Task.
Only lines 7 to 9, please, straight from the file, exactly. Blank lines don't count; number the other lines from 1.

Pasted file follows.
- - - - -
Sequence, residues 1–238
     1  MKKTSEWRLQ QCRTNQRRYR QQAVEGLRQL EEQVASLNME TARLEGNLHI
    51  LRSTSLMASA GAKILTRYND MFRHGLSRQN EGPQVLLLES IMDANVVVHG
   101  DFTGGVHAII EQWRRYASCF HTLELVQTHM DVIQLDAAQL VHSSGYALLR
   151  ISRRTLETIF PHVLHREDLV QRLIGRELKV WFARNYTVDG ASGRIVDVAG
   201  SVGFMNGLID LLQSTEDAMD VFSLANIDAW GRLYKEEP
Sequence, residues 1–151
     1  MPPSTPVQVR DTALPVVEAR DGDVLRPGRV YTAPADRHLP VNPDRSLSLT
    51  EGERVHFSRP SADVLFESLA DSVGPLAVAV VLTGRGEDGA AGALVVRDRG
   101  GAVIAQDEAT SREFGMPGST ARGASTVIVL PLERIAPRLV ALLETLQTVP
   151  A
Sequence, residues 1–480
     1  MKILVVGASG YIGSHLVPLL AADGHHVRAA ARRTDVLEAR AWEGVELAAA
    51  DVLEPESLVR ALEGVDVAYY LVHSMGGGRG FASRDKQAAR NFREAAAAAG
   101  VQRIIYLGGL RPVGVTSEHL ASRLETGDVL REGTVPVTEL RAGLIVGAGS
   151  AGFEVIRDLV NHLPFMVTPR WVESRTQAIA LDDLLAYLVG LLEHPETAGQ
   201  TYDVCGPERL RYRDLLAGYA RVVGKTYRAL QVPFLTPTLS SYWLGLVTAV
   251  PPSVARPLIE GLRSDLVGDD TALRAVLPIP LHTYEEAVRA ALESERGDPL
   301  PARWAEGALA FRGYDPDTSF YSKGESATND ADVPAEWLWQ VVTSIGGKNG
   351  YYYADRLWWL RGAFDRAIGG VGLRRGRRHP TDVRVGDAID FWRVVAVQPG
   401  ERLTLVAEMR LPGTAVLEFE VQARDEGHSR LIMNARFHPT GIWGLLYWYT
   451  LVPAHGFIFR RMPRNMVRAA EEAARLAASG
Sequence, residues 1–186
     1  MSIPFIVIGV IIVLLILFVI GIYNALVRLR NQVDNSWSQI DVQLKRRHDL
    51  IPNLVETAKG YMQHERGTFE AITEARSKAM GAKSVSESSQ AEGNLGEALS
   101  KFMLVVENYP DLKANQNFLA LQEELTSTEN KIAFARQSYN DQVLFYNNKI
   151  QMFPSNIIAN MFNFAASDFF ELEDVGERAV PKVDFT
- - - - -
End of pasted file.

Sequence, residues 1–151
     1  MPPSTPVQVR DTALPVVEAR DGDVLRPGRV YTAPADRHLP VNPDRSLSLT
    51  EGERVHFSRP SADVLFESLA DSVGPLAVAV VLTGRGEDGA AGALVVRDRG